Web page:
For People Living Along The Border, A Wall Is More Than A Talking Point
Americans can’t seem to stop talking about walls. But for some people living along the U.S.-Mexico border, it’s more than something to debate — it’s a reality.
Jesus is a fourth-grader standing on one side of the steel mesh border fence in Nogales, Mexico. I am standing inches away on the other side in Nogales, Arizona. His mother Stephanie Camacho is next to me. She makes this trip to the fence every weekend to visit family.
Camacho cannot cross this fence. She says she has legal problems here in the U.S. that make it difficult to go back and forth. She won’t say much more about that — but she did say President Trump’s proposed $6 billion, 200-mile-long wall won’t work.
“They’ll have more problems, I don’t know, [a] person jumping the wall. I think it’s [a] bad idea,” she says.
I came to this spot along the border to see how the weekslong partial government shutdown is affecting life at ground zero.
“It’s a hard issue. There’s no easy answer,” says Leslie Kramer, who lives in the nearby town of Sonoita, Arizona. She spent the day in Mexico having lunch with visitors from Wisconsin, and she had just crossed back into the U.S., stray dogs barking behind her.
“I think the most frustrating problem for me is nobody really wants to solve it,” Kramer says of the shutdown. “They just want to stake out their positions and have a standoff — and that doesn’t help anybody.”
Like any border town, Nogales depends on the free movement of people like Kramer, and the movement of goods.
As a large freight train rolls south across the border, Bruce Bracker, a Santa Cruz County commissioner, explains what it’s carrying.
“It’s bringing components for … [maquiladora] manufacturing in Mexico,” he says. “Ford has a large plant down in Hermosillo, so this could be stuff that was produced in the Midwest that’s going down, components that are going to be parts of the cars that are finally produced. … There’s two trains that go southbound each day, and there’s a couple trains that come northbound each day.”
That’s good news for Nogales. But it’s too late for Bracker’s family business. He used to run a department store on Morley Avenue, a little block of low-cost shops.
“In the ’70s, this was literally the most expensive real estate in the state of Arizona,” he says. “The rents here were higher than the rents in Scottsdale, and that was because [of] all the Mexican nationals that were coming over here and shopping.”
But Bracker gave up on the business a few years ago. He says customs restrictions after 9/11 slowly choked off the flow of customers.
“In 2007, you had 7 1/2 million people walking across the border into downtown Nogales every year,” he says. “If you were a business person, it was phenomenal. … Business was very good for our family.”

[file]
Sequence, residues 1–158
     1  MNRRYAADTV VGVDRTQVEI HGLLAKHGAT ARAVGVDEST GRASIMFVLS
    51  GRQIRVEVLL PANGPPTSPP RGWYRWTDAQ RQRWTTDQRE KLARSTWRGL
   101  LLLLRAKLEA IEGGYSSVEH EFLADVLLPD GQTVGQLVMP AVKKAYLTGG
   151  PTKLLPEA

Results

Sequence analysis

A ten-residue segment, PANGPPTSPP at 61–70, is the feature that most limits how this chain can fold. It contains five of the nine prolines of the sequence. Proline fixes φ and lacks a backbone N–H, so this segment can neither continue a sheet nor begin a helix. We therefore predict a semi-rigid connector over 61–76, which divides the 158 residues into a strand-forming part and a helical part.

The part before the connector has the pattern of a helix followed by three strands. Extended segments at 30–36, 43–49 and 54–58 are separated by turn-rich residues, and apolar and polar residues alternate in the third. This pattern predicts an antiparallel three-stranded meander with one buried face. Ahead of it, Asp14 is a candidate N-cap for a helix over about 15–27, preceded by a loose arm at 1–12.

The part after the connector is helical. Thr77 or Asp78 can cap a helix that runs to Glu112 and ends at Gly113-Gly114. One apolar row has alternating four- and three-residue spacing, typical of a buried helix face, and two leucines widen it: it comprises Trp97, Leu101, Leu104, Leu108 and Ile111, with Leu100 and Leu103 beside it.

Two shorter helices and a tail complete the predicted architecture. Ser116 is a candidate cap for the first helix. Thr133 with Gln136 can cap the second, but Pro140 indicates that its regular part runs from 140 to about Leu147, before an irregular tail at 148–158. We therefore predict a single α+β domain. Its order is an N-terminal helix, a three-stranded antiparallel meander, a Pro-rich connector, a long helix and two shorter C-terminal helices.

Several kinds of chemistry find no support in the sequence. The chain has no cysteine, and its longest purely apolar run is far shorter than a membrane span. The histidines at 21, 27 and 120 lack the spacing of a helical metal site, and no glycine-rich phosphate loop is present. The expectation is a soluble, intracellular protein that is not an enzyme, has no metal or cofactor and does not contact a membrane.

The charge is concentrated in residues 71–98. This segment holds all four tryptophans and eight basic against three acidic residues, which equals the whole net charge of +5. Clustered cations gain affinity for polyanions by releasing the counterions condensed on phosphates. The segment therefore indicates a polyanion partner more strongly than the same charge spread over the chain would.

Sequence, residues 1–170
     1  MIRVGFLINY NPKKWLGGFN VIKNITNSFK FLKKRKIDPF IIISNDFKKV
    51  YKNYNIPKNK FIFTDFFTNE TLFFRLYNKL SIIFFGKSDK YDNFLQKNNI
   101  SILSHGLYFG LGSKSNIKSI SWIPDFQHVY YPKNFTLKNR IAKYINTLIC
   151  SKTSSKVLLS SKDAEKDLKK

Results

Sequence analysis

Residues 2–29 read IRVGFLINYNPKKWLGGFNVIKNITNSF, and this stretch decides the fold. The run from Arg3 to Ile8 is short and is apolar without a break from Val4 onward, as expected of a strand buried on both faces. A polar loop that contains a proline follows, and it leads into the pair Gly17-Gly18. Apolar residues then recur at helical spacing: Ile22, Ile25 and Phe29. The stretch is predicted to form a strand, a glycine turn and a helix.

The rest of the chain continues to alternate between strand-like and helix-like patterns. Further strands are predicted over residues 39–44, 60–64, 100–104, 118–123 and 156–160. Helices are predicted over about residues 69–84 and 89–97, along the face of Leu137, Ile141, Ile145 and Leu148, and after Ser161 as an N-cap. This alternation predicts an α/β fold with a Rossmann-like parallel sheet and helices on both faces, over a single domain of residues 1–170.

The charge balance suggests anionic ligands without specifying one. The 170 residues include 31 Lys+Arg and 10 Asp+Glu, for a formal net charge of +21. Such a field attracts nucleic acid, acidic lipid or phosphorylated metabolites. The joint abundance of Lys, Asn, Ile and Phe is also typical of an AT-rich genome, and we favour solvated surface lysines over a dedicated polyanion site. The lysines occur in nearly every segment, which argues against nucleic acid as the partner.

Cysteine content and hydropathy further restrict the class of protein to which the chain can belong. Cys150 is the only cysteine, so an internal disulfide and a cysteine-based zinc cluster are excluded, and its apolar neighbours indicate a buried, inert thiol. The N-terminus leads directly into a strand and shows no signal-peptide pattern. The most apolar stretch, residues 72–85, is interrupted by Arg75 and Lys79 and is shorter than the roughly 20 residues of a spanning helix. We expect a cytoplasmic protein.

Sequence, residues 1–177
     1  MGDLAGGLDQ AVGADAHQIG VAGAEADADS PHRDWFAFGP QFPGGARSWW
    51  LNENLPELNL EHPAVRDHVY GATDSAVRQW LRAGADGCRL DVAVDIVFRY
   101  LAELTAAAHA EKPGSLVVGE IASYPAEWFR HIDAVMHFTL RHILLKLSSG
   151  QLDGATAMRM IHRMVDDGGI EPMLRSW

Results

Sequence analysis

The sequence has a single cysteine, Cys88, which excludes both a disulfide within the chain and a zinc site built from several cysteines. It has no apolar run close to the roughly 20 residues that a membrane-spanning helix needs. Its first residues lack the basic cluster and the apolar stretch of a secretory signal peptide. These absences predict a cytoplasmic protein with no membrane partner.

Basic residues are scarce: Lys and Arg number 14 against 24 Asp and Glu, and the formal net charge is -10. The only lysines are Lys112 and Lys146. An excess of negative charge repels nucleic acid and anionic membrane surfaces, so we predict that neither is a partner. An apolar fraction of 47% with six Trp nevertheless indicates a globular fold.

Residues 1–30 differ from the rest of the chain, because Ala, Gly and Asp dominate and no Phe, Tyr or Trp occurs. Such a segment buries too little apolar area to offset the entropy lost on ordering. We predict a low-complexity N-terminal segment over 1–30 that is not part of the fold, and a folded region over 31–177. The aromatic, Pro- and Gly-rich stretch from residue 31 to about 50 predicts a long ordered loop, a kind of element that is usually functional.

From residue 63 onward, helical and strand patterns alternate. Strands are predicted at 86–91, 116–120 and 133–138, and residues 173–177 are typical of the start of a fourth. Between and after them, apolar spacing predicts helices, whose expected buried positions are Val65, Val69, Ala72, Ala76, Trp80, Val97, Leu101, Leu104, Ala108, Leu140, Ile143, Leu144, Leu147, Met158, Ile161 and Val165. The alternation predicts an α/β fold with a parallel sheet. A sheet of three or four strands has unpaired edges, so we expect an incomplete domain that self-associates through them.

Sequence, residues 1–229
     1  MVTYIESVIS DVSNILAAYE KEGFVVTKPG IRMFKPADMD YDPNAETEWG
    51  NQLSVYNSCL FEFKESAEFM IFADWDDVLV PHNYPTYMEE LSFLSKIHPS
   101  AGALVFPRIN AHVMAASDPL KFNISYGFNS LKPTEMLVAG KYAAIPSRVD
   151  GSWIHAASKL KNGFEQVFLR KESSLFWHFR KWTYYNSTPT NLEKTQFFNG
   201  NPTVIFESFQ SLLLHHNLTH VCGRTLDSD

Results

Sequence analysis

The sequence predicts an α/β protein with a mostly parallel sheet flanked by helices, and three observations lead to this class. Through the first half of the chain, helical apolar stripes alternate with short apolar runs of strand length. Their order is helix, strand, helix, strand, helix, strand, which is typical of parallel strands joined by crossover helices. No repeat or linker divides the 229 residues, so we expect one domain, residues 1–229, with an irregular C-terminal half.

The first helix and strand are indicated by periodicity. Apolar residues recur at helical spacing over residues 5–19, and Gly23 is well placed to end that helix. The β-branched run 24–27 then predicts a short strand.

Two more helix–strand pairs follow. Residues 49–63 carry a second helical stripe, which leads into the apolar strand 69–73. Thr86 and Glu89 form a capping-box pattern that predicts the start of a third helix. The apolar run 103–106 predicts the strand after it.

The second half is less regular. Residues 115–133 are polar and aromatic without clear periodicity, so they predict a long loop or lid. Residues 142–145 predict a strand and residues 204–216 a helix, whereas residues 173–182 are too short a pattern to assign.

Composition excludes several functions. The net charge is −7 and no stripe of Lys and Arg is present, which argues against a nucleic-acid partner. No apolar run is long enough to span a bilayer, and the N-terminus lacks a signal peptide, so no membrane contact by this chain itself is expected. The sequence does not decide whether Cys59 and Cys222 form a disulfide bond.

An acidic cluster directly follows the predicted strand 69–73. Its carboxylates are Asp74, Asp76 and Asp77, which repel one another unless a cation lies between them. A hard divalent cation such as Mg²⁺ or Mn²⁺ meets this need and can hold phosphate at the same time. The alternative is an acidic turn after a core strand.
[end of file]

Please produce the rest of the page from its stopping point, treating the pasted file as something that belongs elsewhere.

The government shutdown doesn’t make things any easier. The Nogales Border Patrol station is the second largest in the U.S. Agents and customs officers are working, but they’re not getting paid.
I drove about a mile up the road from the fence to take a break at Antojitos Mexicanos — a little restaurant known for its traditional soup — and I just happened to run into the mayor of Nogales, Democrat Arturo Garino.
Garino says it’s time for politicians to figure out the shutdown mess and make a deal that will open the government. The president’s pitch — $5.7 billion for a wall in exchange for temporary protections for some immigrants — isn’t going over well in Nogales, Garino says.
“We’ve had a border wall here for more than 20 years, all right? Maybe they should come to Nogales and look at the real border wall. We’ve had one before anybody started talking about it,” he says.
“If you were to give $6 billion and you would tell Homeland Security, Customs and Border Protection, Border Patrol, all of them, and said, ‘Here’s $6 billion. You use it the way you want to,’ I can almost bet that they would go by hiring more personnel, they would go by probably having more access roads to the border, because the topography doesn’t help. And then probably, at the very end, they will say, ‘OK, we do need barriers, we do need walls, because … there’s gaps.”
On past trips to the border, I’ve met with supporters of Trump’s wall who want to see those gaps closed. In 2016, a rancher told me drug smugglers cut through his property and tear down his fences. Just this week, Arizona Republican Sen. Martha McSally made her own trip to a spot near Yuma where 376 people breached the fence and presented themselves to border agents for asylum.
If you listen to what people from both sides of the political spectrum are saying here in Arizona, you might notice nuance that you don’t often hear in Washington. Many Republicans acknowledge it takes more than a wall to secure the border, and many Democrats agree that in some cases, a wall makes sense — including county supervisor Bruce Bracker.
“I think that it’s important that Border Patrol has had a plan to roll out these barriers, whether it’s a bollard fence, whether it’s electronic, they’ve been getting control of the border,” he says. “But to come in and say that we’re going to invest in walls and ignore ports of entry — and I know that I read the president’s announcement, he’s saying he’s going to put [$800 million] into ports of entry — Arizona alone needs $1.2 billion. CBP assessment of needs at ports of entry along the U.S.-Mexican border is $5 billion.”
Bracker says ports of entry pose the real infrastructure problem at the border.
“If you look at a map of the United States and you look at the states, and you look and see who the No. 1 or who the No. 2 trading partner for most of these states are, it’s Mexico,” he says.
Whether Washington is listening, however, is anyone’s guess.
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